Summertime is cherished by equestrians. Competition season is in full swing, Mother Nature is finally giving us a break from cold, wet weather, and students have more free time to ride during summer break. Many people consider it to be the best time of year.
However, the season can spell trouble for your horse. There are a multitude of summer-related health issues including heat exhaustion, skin issues, swollen eyes, hoof problems, and more. As an equestrian, it is important to be well-informed about these potential afflictions so you can take preventative measures and know what to look out for.
Horses can over-exert themselves in the summer heat and cause their body temperatures to rise dramatically, resulting in heat exhaustion. This is characterized by profuse sweating, an increased respiratory rate, change in gum color, and a long capillary refill time. These horses are often dehydrated and are therefore unable to cool themselves down. Without intervention, heat exhaustion can lead to stroke when the horse’s temperature climbs to 106-110 degrees.
If your horse starts to show signs of heat stress but is still alert and their temperature is below 104 degrees, they just need to cool off a bit. Walk them out, get them some water to drink, and hose them off with cool water so their temperature will start to lower. If they are showing signs of more severe heat exhaustion, immediately stop working them. Get them in the shade, let them drink as much as possible, and hose them down. In this stage, it is imperative to quickly gain control of their temperature before their fever raises too high which could cause stroke or brain damage. Always alert your vet if your horse is having a medical emergency.
Make sure your horse is hydrated during the summer months to prevent heat exhaustion. They should always have access to fresh water. Adding a salt block in their stall or electrolytes to their water is a great way to encourage drinking, especially if they aren’t taking in enough water.
There are several skin issues that can affect horses in the summer. The most common one is sunburn, a painful reddening of the skin caused by overexposure to the sun. Horses with pink skin are very susceptible to sunburn. You can help prevent these burns by using fly masks and fly sheets as well as applying unscented sunscreen to vulnerable areas.
If the burns are more severe and painful with blisters or scabs, this is likely photosensitization. There are two types of photosensitization: primary and secondary. Primary photosensitization occurs when the horse eats a photodynamic plant like alsike clover or St. John’s Wart. Secondary photosensitization occurs when the horse’s liver cannot process photodynamic compounds. They need to have all pink areas shielded from the sun while their skin heals and the root cause is determined. Secondary photosensitization is hard to prevent, but you can prevent primary photosensitization by checking your pasture and hay for any toxic plants.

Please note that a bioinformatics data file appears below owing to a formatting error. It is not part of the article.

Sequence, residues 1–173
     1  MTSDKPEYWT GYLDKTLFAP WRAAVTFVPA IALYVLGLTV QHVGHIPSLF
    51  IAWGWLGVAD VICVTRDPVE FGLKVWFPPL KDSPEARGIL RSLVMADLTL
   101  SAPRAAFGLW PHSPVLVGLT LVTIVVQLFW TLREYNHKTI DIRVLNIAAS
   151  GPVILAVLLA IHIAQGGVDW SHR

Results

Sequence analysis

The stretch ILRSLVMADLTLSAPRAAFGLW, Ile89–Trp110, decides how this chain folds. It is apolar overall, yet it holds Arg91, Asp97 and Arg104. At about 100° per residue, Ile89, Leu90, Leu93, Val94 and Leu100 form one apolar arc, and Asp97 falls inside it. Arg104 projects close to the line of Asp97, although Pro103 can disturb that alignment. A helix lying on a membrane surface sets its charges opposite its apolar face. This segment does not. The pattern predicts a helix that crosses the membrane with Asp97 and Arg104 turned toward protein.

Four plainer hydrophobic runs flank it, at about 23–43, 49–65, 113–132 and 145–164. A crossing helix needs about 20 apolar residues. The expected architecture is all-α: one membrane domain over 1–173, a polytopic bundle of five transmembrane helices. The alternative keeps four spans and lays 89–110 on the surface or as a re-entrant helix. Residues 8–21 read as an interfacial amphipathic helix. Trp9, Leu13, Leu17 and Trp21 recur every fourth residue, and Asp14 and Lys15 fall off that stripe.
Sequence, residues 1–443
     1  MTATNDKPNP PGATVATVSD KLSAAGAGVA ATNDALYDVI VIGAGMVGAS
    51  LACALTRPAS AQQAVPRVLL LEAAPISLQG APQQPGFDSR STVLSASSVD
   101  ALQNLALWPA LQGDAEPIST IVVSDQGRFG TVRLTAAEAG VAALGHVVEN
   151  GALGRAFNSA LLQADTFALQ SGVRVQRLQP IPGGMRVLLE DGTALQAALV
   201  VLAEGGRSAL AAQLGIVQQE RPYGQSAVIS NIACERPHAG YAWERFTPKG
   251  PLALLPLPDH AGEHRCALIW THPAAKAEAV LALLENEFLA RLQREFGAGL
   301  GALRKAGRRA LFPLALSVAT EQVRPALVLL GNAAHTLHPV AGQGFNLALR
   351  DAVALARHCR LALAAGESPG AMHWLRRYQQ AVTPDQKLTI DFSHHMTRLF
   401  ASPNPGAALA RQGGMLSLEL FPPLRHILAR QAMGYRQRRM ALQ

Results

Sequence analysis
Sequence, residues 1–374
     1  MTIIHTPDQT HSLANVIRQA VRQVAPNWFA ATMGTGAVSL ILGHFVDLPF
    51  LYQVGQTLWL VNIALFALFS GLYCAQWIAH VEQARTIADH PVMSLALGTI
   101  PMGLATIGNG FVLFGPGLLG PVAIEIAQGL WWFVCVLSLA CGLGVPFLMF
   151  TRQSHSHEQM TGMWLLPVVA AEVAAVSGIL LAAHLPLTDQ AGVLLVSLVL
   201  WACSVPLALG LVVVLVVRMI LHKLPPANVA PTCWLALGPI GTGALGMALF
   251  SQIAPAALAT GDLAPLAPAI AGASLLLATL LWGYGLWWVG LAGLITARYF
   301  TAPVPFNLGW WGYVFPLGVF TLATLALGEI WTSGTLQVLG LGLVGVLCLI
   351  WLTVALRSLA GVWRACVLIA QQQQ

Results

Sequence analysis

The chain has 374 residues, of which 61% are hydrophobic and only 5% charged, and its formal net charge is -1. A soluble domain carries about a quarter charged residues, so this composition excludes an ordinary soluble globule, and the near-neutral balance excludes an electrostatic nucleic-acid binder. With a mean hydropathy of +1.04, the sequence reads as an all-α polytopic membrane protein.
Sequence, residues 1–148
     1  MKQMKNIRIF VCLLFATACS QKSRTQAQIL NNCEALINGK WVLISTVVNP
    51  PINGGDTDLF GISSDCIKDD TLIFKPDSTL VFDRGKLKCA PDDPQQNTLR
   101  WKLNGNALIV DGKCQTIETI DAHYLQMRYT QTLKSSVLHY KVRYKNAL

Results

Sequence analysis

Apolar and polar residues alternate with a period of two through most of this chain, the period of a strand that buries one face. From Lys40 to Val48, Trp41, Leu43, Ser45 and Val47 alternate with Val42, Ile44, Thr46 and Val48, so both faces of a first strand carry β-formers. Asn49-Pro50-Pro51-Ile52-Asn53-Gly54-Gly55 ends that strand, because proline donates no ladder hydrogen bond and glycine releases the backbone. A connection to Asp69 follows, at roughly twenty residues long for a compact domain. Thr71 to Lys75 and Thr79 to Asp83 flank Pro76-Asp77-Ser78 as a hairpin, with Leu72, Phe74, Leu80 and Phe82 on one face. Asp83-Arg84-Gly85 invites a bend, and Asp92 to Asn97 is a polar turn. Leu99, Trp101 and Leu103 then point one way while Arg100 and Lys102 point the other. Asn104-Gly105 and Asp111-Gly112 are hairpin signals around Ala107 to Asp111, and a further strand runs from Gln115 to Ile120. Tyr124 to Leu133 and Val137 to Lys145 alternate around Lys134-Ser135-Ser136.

Equine insect hypersensitivity, or sweet itch, is another summer-related skin problem. It is an allergic reaction to biting gnats. The affected areas will be so itchy, the horse may damage the skin by rubbing. Horses may develop welts or hives on their body from fly or mosquito bites, too. Keeping up with fly prevention methods like fly sheets and fly spray can help prevent sweet itch and other bug-related issues.
Fungus and bacteria thrive in the summer due to the hot, humid climate. Rain rot (raised crusty clumps of hair, usually over the topline area), ringworm (crusty, circular lesions), and scratches (crusty scabs on the horse’s legs) are a few examples of fungi that can affect horses in the summer. Keep your horses and tack dry and limit their access to wet, muddy areas to help prevent development of fungus. It is also a good idea to keep an anti-fungal spray or shampoo around just in case.
Eye issues are more prevalent in the summer because horses are itchier due to flies and other bugs. They may scratch their face on their leg or against the fence in their pasture and accidentally irritate their eye. This typically results in a weepy, swollen eye. It could be due to something simple such as dirt or hair stuck in their eye, or something more serious like a laceration or corneal ulcer. It’s important to note that a swollen eye is considered an emergency, and you should call your vet before attempting to treat it yourself. Eye issues need to be treated because even small things like conjunctivitis (inflammation of the mucus membranes due to irritation) can lead to much larger issues if left untreated.
The humid weather and fly problems mentioned earlier can also affect their hooves. Rapid changes in moisture can cause hooves to become dry and weak, and prone to cracking, breaking, or contracting. They also tend to stomp their hooves on the ground to ward off flies, which can lead to injury to the hoof wall or bruising. Fly protection methods and limited turnout can help prevent hoof injuries.
Since bacteria thrives in the summer climate, thrush is also common in the summer. Thrush is characterized by a terrible odor and dark, black areas of the hoof that should typically be white or gray. It’s caused by bacteria that gets trapped deep within the hoof, causing infection. Left untreated, the infection could spread and become a serious threat. Pick your horse’s hooves out daily and limit access to wet, muddy areas to help prevent thrush.
While summer is a fun time of year, it can quickly become dangerous for your horse. Keep your horse hydrated, protected from flies, and away from muddy paddocks to support them during the summer months and prevent certain summer-related issues. Don’t exercise them if it is too hot or humid outside. Stay vigilant and keep an eye out for anything unusual with your horse. Summer should be fun for your horse, too!